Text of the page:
Allowing some room for my misunderstanding of what's being asserted, it is my opinion that aggregations for categories and course total are calculated on the fly. I have looked under the hood and see that everytime the grader report is refreshed, generate_grades() is called and when it hits a category or course item, aggregrate_grades() is called. The only exception to this is if Sum of Grades agg method is used.
Some courses feel the need for allotting a combined grade for all members of a group in a group activity. I don't know if this is to be incorporated in the assignment module or in the gradebook.
One one purely practical level, I have a request about the API for activities to pass grades to the gradebook. At the moment, the activity has to build an array userid => grade to pass to the update_grades function.
In the quiz, it would actually be easier for me (and potentially much higher performing) if I could call the API with the SQL for a query that returns a result set with two columns, userid, and grade.
See https://github.com/timhunt/Moodle-Question-Engine-2/blob/qe2_wip/mod/quiz/locallib.php#L614 (yuck, who wrote that long rambling method ). Focus, in particular, on the $finalgradesubquery bit in the middle.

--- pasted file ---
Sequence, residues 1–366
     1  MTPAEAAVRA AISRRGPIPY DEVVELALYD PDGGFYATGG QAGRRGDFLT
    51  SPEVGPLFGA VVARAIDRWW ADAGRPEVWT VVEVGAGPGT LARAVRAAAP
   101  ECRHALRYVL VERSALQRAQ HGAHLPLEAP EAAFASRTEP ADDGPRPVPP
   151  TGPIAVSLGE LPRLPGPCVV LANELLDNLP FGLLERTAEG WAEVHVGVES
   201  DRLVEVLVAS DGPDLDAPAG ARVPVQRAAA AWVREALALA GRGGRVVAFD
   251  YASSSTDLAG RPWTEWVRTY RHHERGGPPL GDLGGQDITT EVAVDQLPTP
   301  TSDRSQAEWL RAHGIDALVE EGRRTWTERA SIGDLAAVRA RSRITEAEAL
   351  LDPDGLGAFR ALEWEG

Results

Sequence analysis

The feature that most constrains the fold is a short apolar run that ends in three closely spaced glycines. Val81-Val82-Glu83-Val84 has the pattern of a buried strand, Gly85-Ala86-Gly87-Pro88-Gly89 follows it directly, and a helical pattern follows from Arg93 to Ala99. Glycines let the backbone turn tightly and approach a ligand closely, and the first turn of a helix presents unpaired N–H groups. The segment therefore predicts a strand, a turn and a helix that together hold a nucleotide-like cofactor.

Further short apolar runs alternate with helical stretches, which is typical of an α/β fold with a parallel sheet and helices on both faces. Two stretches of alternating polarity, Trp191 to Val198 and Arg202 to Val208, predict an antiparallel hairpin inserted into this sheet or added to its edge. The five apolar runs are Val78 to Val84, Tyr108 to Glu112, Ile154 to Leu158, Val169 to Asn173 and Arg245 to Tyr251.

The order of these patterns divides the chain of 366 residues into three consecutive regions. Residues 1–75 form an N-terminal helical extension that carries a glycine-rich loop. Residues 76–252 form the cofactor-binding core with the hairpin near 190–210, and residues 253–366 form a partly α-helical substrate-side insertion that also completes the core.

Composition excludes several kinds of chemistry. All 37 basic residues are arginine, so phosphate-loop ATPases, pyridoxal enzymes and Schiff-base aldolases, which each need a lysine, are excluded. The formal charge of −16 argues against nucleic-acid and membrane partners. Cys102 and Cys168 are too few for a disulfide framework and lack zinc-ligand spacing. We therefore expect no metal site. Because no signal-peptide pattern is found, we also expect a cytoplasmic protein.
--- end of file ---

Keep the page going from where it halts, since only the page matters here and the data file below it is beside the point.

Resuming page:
Do we really need the complexity of the approval conditions? What about a single boolean flag in the grade item (is_released) that external events can toggle?
I suppose the danger is two competing external things trying to toggle it. E.g. the quiz trying to hide it because it is set not to display grades until after the close date, while the teacher keeps trying to manually open the eye in the gradebook.
I guess I'd think that in 95% plus conditions the approval is the grade itself. The approver is the one awarding the grade or setting up the module to award an appropriate grade. 100% agree this is unnecessary added complexity. This approval architecture doesn't address the single most-common scenario we encounter, "I want to see a running calculation of my grade to-date". This is pretty well met with the current gradebook and a couple tweaks to allow for extra credit in all agg methods.